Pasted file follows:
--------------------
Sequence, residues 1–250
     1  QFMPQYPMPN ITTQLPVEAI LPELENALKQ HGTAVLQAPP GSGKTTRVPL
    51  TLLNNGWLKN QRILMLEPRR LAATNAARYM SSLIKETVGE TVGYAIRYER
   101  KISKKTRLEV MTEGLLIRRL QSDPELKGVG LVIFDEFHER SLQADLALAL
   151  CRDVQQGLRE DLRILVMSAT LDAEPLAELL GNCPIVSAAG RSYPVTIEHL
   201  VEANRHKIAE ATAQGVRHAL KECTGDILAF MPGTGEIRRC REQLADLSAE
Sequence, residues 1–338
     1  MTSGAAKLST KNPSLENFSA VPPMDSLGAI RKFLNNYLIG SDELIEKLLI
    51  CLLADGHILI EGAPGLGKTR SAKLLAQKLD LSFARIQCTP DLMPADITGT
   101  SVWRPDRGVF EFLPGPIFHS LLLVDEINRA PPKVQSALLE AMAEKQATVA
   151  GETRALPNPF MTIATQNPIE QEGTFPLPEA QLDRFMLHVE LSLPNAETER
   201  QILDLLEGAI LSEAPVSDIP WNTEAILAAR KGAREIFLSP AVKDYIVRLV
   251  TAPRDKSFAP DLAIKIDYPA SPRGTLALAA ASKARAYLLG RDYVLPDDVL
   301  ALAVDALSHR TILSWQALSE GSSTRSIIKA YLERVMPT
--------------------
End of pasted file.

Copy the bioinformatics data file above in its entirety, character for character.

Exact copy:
Sequence, residues 1–250
     1  QFMPQYPMPN ITTQLPVEAI LPELENALKQ HGTAVLQAPP GSGKTTRVPL
    51  TLLNNGWLKN QRILMLEPRR LAATNAARYM SSLIKETVGE TVGYAIRYER
   101  KISKKTRLEV MTEGLLIRRL QSDPELKGVG LVIFDEFHER SLQADLALAL
   151  CRDVQQGLRE DLRILVMSAT LDAEPLAELL GNCPIVSAAG RSYPVTIEHL
   201  VEANRHKIAE ATAQGVRHAL KECTGDILAF MPGTGEIRRC REQLADLSAE
Sequence, residues 1–338
     1  MTSGAAKLST KNPSLENFSA VPPMDSLGAI RKFLNNYLIG SDELIEKLLI
    51  CLLADGHILI EGAPGLGKTR SAKLLAQKLD LSFARIQCTP DLMPADITGT
   101  SVWRPDRGVF EFLPGPIFHS LLLVDEINRA PPKVQSALLE AMAEKQATVA
   151  GETRALPNPF MTIATQNPIE QEGTFPLPEA QLDRFMLHVE LSLPNAETER
   201  QILDLLEGAI LSEAPVSDIP WNTEAILAAR KGAREIFLSP AVKDYIVRLV
   251  TAPRDKSFAP DLAIKIDYPA SPRGTLALAA ASKARAYLLG RDYVLPDDVL
   301  ALAVDALSHR TILSWQALSE GSSTRSIIKA YLERVMPT